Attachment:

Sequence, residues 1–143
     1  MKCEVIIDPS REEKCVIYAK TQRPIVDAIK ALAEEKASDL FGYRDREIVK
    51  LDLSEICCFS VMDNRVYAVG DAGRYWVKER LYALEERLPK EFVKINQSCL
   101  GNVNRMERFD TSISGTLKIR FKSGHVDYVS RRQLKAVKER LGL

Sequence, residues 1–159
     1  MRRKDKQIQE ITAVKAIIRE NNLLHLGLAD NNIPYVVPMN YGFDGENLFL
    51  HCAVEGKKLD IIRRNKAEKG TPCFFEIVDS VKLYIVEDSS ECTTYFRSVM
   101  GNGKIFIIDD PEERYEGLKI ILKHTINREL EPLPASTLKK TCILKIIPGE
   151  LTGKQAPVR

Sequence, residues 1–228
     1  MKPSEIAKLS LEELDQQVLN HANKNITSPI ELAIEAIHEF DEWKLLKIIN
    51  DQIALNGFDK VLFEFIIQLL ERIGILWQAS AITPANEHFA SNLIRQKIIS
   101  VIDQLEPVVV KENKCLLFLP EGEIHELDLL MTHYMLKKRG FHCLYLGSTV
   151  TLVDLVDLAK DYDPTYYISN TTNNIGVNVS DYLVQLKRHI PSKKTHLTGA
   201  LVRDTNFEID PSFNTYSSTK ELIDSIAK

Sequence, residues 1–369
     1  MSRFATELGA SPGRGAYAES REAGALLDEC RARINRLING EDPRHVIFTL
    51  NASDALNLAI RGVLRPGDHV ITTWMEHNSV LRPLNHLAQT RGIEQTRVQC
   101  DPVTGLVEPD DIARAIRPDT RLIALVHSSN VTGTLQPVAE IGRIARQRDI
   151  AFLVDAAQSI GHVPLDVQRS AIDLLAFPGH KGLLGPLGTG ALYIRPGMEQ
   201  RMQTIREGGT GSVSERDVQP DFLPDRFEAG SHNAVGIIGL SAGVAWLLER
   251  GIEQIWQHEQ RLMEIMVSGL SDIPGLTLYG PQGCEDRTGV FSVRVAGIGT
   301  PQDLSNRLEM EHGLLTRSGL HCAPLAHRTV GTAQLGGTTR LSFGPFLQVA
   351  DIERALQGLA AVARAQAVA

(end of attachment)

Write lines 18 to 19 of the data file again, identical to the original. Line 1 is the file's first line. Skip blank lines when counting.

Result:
    51  NASDALNLAI RGVLRPGDHV ITTWMEHNSV LRPLNHLAQT RGIEQTRVQC
   101  DPVTGLVEPD DIARAIRPDT RLIALVHSSN VTGTLQPVAE IGRIARQRDI